[squeak-dev] MNU for ifNil: to preserve quick returns? :-)
marcel.taeumel at hpi.de
Tue Jul 21 10:22:35 UTC 2020
> Is eager initialization out of the question for you?
Not quite. But saving 400 000 extra objects where each may have 5 to 10 instVars ... could be worthwhile if those are not used at all. I suppose that all instVars being "nil" is not optimized in the VM?
Am 21.07.2020 12:07:44 schrieb Jakob Reschke <forums.jakob at resfarm.de>:
Might be cool if the JIT or Scorch emitted code that is equivalent to
a quick return, but with a low-level nil-guard in place. Like a
quick-return-if-not-nil primitive code.
Is eager initialization out of the question for you?
If all your instVars were initialized on the first read of one of
them, you could also change the class of the object after the lazy
initialization, and the new class would have quick accessors. For
added fanciness, you could auto-generate the "optimized" class and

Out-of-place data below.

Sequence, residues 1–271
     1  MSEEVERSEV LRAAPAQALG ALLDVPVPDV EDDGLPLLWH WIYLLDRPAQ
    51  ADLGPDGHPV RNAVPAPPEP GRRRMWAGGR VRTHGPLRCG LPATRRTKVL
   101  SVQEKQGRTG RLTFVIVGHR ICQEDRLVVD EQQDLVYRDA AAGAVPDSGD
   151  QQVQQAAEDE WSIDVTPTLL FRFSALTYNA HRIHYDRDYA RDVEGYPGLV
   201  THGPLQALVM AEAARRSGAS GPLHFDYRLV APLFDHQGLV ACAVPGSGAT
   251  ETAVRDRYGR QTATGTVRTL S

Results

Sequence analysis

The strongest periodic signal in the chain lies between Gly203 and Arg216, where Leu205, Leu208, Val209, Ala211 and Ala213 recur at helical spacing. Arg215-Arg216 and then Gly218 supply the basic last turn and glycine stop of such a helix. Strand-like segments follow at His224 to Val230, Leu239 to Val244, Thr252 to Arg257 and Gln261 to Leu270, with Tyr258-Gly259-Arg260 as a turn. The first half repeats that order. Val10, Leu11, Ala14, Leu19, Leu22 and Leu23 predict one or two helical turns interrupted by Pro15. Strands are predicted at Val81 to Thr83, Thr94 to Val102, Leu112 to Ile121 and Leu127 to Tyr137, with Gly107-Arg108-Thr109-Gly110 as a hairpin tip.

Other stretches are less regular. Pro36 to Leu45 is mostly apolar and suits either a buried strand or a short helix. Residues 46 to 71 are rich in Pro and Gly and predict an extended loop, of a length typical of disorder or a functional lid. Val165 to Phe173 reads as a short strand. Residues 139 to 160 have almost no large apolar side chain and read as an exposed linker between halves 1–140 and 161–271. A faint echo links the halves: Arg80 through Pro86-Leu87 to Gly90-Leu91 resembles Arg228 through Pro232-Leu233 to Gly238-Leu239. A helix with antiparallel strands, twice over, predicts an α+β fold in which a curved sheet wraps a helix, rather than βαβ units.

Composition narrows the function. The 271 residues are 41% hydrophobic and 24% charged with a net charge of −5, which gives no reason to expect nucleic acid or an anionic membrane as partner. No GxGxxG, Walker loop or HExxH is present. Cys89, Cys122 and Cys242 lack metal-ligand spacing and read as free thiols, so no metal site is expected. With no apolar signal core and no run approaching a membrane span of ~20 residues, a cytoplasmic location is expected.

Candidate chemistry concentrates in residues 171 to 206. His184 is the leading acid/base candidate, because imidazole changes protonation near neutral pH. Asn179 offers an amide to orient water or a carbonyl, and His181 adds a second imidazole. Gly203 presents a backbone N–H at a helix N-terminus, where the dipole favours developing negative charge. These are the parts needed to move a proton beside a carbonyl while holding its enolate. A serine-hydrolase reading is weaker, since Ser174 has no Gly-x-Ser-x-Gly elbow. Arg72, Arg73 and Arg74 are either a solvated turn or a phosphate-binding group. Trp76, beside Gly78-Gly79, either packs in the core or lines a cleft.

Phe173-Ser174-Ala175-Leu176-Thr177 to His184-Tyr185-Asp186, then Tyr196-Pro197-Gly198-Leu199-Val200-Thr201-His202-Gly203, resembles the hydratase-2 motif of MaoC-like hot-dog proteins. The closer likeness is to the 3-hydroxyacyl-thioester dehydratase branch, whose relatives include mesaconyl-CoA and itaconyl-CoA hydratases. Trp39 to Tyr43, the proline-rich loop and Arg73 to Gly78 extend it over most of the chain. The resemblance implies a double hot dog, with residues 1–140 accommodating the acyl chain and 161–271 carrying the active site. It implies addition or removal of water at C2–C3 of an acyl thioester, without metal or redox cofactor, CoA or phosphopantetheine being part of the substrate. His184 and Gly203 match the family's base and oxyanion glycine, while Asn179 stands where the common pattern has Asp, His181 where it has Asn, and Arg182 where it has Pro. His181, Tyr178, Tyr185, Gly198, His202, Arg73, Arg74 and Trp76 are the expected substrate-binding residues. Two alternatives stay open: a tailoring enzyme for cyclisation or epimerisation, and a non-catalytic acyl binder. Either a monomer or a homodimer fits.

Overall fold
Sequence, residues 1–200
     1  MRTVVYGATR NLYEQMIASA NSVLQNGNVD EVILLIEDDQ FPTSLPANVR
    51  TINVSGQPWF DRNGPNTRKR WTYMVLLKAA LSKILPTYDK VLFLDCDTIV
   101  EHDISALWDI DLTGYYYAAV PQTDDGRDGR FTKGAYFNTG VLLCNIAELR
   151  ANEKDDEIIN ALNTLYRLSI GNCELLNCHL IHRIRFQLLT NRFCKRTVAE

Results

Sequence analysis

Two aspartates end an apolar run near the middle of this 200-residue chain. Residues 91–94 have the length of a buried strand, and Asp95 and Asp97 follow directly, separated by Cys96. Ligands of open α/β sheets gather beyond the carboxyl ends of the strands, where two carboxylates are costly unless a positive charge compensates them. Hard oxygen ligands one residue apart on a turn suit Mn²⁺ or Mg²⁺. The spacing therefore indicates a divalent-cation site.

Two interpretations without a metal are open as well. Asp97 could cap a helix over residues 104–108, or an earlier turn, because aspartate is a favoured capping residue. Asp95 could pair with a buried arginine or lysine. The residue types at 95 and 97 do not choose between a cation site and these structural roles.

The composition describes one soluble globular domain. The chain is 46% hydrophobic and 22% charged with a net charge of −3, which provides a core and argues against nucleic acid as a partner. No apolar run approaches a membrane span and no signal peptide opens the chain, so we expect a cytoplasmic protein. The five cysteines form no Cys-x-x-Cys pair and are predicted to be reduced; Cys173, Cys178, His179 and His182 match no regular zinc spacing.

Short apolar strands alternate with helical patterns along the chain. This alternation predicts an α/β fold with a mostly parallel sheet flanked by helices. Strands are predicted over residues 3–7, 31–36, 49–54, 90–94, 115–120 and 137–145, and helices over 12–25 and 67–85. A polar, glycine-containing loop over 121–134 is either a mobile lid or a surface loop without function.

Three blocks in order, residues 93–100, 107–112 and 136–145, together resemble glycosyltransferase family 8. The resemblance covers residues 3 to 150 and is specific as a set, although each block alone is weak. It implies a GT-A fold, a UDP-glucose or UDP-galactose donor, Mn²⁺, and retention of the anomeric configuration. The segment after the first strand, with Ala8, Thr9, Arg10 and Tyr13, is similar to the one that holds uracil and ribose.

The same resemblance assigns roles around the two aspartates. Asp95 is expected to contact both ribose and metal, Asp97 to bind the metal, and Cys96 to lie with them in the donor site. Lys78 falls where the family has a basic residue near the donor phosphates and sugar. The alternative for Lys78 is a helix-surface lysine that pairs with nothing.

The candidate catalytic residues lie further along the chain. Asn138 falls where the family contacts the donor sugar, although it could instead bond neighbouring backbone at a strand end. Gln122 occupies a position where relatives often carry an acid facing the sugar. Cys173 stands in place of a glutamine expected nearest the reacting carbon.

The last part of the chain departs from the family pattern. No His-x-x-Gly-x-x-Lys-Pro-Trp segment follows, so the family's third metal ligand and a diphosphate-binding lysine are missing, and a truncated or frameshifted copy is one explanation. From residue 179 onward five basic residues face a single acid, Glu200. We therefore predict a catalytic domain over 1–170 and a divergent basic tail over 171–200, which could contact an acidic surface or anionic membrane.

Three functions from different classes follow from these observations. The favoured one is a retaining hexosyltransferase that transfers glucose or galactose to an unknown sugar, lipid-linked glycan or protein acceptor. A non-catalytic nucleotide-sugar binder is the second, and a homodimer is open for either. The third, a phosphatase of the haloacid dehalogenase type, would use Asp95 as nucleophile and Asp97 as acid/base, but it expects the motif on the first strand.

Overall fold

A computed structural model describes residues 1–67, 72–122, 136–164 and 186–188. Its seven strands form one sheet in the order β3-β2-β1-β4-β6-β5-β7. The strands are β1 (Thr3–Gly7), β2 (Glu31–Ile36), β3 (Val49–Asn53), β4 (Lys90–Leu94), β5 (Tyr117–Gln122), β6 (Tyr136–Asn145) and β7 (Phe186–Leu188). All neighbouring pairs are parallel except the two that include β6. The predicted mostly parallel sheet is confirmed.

such accessors in both classes. Though I am totally not sure whether
it is worth the effort or improves the performance at all (since the
call sites are then polymorphic).
notYetInitialized: sounds strange to me, since you could send the
getter in one place and actually use the answer in a totally different
place (where your MNU happens). You could eager-initialize and return
some special case proxy instead of nil that is bound to the original
receiver and takes care of the lazy initialization when called.
Am Di., 21. Juli 2020 um 10:36 Uhr schrieb Marcel Taeumel
> Hi all!
> I can choose to initialize an instVar eagerly in #initialize or lazily in its accessor via #ifNil:. Yet, the latter requires me to change that accessor to something not being a quick return.
> Could there be a simple way to initialize an instVar on its first read access? Like a #notYetInitialized: callback to the instVar-holding receiver. Instead, we get an MNU on UndefiniedObject ...
> (Why? Performance reasons for a little project of mine.)
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